"I invent nothing; I rediscover."
“The Burghers of Calais,” modeled 1884–95; cast 1919–21, by Auguste Rodin
More Art Monday: We know a lot of our student members are having their spring break right about now. Are you off to the beach for some relaxation and fun? Having a cram session at the library or pulling all nighters in your studio? Whichever it is, we hope you enjoy your time off!
“Waterslide, Wildwood, New Jersey,” 1981, Jack Carnell
“Girl in Sailor’s Shirt Reading,” 1927-28, Emil Ganso
“Jonkonnu Festival,” 1996, Vincent D. Smith
“Painter in His Studio,” 1610 – 1685, Copy after Adriaen van Ostade
“Swimming Pool,” date unknown, Ellis Ruley
“Woman with a Palette,” 1927, Arshile Gorky
Watch your step! This might look like a rug, but it’s actually a rug-sized photograph that’s not for walking on. Come see the whole thing in the “Michael Snow: Photo-Centric" exhibition.
“In Medias Res,” 1998, by Michael Snow (Centre National des Arts Plastiques—Ministry of Culture and Communication, France)
Background: “8 x 10,” 1969, reprinted 1999, and “Paris de jugement Le and/or State of the Arts,” 2003, by Michael Snow (Collection Art Gallery of Ontario, Toronto: Gift of Michael Snow, 2001; Courtesy of the artist and Gallery Martine Aboucaya, Paris)
“In this nearly square picture, painted near the end of his life, Monet returned to the subject of the bridge, but it has been transformed by his exuberant brushwork and color. An almost indistinct mass, the bridge is engulfed by an arbor and trailing wisteria that had since been added (and which were tended by the six gardeners that Monet employed). Lavishly covered in paint that is caked on the surface in mounds, the picture is a forceful assertion of the aging painter’s unrelenting desire to capture the dazzling effects of the landscape around him.”
Jennifer A. Thompson, from “Masterpieces from the Philadelphia Museum of Art: Impressionism and Modern Art” (The Yomiuri Shimbun, 2007), p. 78.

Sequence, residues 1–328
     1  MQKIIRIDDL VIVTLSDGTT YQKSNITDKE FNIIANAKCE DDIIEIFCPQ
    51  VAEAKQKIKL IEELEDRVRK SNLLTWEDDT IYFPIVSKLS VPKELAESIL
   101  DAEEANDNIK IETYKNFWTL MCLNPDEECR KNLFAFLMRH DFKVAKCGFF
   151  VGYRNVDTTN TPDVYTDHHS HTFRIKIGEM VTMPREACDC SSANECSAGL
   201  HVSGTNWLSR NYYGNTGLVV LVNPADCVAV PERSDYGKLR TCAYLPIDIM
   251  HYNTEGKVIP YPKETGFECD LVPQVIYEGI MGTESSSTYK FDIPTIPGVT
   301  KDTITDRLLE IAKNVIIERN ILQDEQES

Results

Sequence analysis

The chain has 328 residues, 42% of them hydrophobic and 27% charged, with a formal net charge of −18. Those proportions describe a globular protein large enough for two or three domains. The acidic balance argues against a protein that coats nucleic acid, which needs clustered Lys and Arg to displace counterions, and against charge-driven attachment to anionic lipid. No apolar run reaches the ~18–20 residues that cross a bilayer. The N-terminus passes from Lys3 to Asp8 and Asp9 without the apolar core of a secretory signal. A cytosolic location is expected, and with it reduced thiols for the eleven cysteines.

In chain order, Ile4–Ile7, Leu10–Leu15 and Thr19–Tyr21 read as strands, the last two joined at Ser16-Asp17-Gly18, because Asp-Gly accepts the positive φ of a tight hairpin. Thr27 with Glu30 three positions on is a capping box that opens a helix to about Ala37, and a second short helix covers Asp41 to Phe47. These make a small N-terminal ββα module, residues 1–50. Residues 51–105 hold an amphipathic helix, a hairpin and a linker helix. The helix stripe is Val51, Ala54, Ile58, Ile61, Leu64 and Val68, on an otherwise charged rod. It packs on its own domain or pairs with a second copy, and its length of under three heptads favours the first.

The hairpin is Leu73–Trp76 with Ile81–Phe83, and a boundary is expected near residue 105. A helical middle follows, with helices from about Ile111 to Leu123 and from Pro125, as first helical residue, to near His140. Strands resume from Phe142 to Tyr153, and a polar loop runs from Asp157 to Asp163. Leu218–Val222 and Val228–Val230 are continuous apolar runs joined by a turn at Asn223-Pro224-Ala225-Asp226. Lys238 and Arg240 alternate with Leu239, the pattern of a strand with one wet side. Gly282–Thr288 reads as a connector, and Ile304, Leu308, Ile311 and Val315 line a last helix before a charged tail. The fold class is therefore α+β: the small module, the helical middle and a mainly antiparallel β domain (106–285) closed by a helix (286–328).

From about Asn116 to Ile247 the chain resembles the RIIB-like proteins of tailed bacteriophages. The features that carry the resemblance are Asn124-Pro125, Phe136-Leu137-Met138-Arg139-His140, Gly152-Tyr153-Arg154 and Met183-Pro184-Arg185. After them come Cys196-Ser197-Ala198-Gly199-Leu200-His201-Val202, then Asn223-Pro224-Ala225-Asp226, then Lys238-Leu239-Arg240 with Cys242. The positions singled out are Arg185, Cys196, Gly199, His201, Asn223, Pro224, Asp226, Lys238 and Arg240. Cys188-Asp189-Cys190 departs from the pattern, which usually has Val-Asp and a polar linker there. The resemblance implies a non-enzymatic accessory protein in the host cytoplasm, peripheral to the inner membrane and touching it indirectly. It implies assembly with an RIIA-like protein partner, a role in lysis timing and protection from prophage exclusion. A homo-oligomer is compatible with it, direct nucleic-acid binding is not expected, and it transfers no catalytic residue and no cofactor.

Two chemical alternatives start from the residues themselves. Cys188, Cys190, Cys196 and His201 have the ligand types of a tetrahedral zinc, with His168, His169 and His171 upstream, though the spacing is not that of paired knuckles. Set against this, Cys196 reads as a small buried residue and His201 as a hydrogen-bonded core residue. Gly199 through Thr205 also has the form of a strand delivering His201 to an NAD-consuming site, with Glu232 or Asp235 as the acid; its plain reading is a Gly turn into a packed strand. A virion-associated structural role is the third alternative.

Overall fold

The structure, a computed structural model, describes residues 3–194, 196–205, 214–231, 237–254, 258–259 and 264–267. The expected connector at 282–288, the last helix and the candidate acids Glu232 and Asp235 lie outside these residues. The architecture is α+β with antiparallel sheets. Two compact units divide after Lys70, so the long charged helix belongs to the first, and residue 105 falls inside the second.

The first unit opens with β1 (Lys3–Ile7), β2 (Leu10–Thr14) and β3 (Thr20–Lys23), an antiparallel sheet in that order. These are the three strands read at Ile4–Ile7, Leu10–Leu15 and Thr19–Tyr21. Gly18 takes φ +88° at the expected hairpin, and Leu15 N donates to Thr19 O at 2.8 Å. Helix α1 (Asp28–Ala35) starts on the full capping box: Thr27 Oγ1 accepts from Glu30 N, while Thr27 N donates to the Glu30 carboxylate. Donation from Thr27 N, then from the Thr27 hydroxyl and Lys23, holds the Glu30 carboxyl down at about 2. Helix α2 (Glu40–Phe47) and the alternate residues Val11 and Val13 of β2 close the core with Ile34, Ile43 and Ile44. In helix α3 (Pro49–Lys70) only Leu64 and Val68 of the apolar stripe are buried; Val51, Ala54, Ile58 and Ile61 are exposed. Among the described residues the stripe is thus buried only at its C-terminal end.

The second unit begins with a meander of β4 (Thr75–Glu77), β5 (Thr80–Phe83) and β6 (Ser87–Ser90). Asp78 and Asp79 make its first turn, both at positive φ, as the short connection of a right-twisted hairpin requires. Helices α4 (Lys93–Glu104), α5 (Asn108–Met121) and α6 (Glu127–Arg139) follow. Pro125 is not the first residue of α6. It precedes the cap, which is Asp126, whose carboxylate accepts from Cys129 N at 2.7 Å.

“Nympheas, Japanese Bridge,” 1918–26, by Claude Monet
Happy birthday to Anselm Kiefer, one of our favorite German artists. Although winged, this awkwardly colossal shape made of lead, steel, and tin is undeniably earthbound. At first it reminds us of Icarus, but it also recalls Kiefer’s teacher Joseph Beuys. Beautiful. Click to explore other expressive narratives in Kiefer’s paintings.
“Palette with Wings,” 1985, by Anselm Kiefer (© Anselm Kiefer, courtesy Gagosian Gallery)
Happy birthday to Piet Mondrian, who was born in Amersfoort, Netherlands in 1872! Mondrian is best known as the creator of perhaps the most rigorously abstract paintings of the first half of the twentieth century. Working with only the most basic elements-straight lines and primary colors, he strove to create pure objective art that he believed would change the world.
”Composition with Blue and Yellow,” 1932, Piet Mondrian
In 1965, Yves Saint Laurent (1936–2008) unveiled a collection of dresses inspired by Dutch artist Piet Mondrian’s (1872–1944) abstract paintings. The dresses were featured in countless fashion magazines, and they kicked off a craze for color-blocked clothes and accessories, like these hats by Philadelphia department store Lit Brothers. Explore more here.
“Woman’s Hat,” 1966, Millinery Salon, Lit Brothers, Philadelphia
“Hat,” 1966, Millinery Salon, Lit Brothers, Philadelphia
“Hat,” 1965, Millinery Salon, Lit Brothers, Philadelphia
What’s the secret to a long and happy life? This Korean screen is decorated with symbols of longevity, such as evergreen pine trees, the sun that rises each day, and mountains, which keep their shape forever. Explore more symbols in “Treasures from Korea.”
"Ten Longevity Symbols," 18th century, Korea (Private Collection)
Buon compleanno to Michelangelo di Lodovico Buonarroti Simoni, the Italian artist born on this day in 1475. Michelangelo and his artworks have been an inspiration to countless people, including the French sculptor Auguste Rodin, who traveled to Italy in 1876 to study the Renaissance artist’s works. In Rome, Rodin contemplated the great paintings in the Sistine Chapel, including “The Last Judgement,” whose impact is evident in Rodin’s monumental work “The Gates of Hell,” which stands at the Rodin Museum.
“The Gates of Hell,” modeled 1880–1917; cast 1926–28, by Auguste Rodin
Throwback Thursday: “That’s not art,” declared former President Theodore Roosevelt.
In 1913, “The International Exhibition of Modern Art” opened at New York City’s 69th Regiment Armory. Including over 1,300 works of art by over 300 international artists, the exhibition was the first introduction to avant-garde art for many Americans. The show was met with cheers, jeers, guffaws, and even accusations of insanity. The Philadelphia Museum of Art is the proud home of many of these once outrageous works of art, though there is still the occasional echo of Theo’s lament 101 years later.
"The Armory Show," as it is called today, was revived in 1994, and the now annual exhibition opens today in New York City.
”Nude Descending a Staircase (No. 2),” 1912, Marcel Duchamp, © Artists Rights Society (ARS), New York / ADAGP, Paris / Estate of Marcel Duchamp